Every Skibbereen person, whether living at home or abroad, surely has some memory of the town Square – hopefully a happy one!

Geographically, Skibbereen Town Square is almost right in the centre of the town. For natives and visitors it is the centrepiece, the focal point of Dear Old Skibbereen. It has a number of notable landmarks: the Town Hall, the Maid of Erin, the Post Office, all central to the history of Skibbereen.

In former times, this was the market place in Skibbereen. At one time there was an extensive thread market carried out here. Also, behind the Town Hall there was an alfresco market.

The Becher family, as far back as 1801, mapped the ground on which the Town Hall stands for a Market House, and in 1824 established a Thread Market there.

The ‘old’ Town Hall as we knew it was built around 1863 to replace the old Becher Market and Toll House which was then in a very dilapidated state.

The Square in Skibbereen – what it looked like before the Maid of Erin was moved in 1988.

The hall was two-storey. The ground floor comprised a meat market and behind the hall there was an alfresco fish and vegetable market. The hall itself, with a permanent stage, was upstairs.

In 1886 Skibbereen Town Commissioners purchased the Town Hall from the Becher estate and in 1887 they moved the Local Authority headquarters there from the old Land and Labour Hall which was situated at the Bridge Street entrance to the Fair Field.

On the night of August 13th 1955 the Town Hall was burned down. It was rebuilt on the same site and the new Town Hall was officially opened on February 2nd 1960.

Many famous people have addressed crowds at the Square, or have appeared on stage in the Town Hall. It is wonderful to see it still being used as a theatre and a venue for concerts – still a focal point in the cultural and social life of Skibbereen.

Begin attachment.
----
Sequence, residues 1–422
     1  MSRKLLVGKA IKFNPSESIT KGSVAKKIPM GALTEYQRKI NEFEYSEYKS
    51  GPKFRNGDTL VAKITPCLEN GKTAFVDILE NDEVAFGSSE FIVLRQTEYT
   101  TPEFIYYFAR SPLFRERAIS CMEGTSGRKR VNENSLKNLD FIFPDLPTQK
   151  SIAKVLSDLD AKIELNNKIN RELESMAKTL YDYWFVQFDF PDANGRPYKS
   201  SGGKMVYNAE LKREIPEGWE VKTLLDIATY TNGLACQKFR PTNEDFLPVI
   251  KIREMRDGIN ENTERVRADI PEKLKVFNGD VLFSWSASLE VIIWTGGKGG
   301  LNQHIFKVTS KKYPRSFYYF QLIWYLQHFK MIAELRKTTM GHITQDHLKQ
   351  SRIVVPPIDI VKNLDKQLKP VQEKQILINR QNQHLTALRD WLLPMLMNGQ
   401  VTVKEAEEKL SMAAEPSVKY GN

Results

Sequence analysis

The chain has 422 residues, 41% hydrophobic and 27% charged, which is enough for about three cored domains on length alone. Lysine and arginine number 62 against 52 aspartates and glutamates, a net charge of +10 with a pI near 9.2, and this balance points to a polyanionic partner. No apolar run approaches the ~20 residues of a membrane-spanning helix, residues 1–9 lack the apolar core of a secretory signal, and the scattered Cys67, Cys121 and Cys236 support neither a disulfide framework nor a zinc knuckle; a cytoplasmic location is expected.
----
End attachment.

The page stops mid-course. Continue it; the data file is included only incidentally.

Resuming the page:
The Maid of Erin of course is the iconic symbol of Skibbereen. The monument was erected by the Skibbereen branch of the Young Ireland Society. It is of Irish limestone, standing over 18 feet high. The figure is full of the imagery of the Gaelic Revival era and the representation of Ireland as a woman has a long history. The right hand of the figure of Erin is leaning on a Celtic Cross, with a harp, while the left holds a bunch of shamrock clasped to the breast.

Immediately below on the pedestal are the years of the different National movements – 1798, 1803, 1848 and 1867, and further down are suitable inscriptions in Irish and English.

The Maid of Erin, the most instantly recognizable image of Skibbereen.

The monument, executed by Mr John Francis Davis of Cork, was unveiled by Jeremiah O’Donovan Rossa on November 27 1904 in what was one of the greatest public occasions ever in Skibbereen. It may well have been surpassed, however, in September 2016 with the welcome home for Skibbereen Rowing Club’s two Olympic heroes, brothers Garry and Paul O’Donovan.

The Maid of Erin was originally situated right at the centre of the Square, in the middle of the road but, following a referendum in Skibbereen, was moved, for her own safety, to a more secure location in 1988.

Skibbereen & District Historical Society would love to hear your stories about the Square or the Town Hall. Remember the pantomimes in the 1960s and 70s. Did you ever dance around the Maid of Erin to the accompaniment of St Fachtna’s Silver Band on a New Year’s night to welcome in the new year?

Did you, perchance, meet your partner at a dance in the Town Hall? Do you remember or have you heard any stories of the great political rallies where were held at the Square?

Every Skibbereen person has a memory of the Square or the Town Hall. Please share yours.

Were you ever photographed at the Square in Skibbereen? If you have a photo of any event at the Square, we’d also invite you to share it with us.

Skibbereen Square – the heart of the town!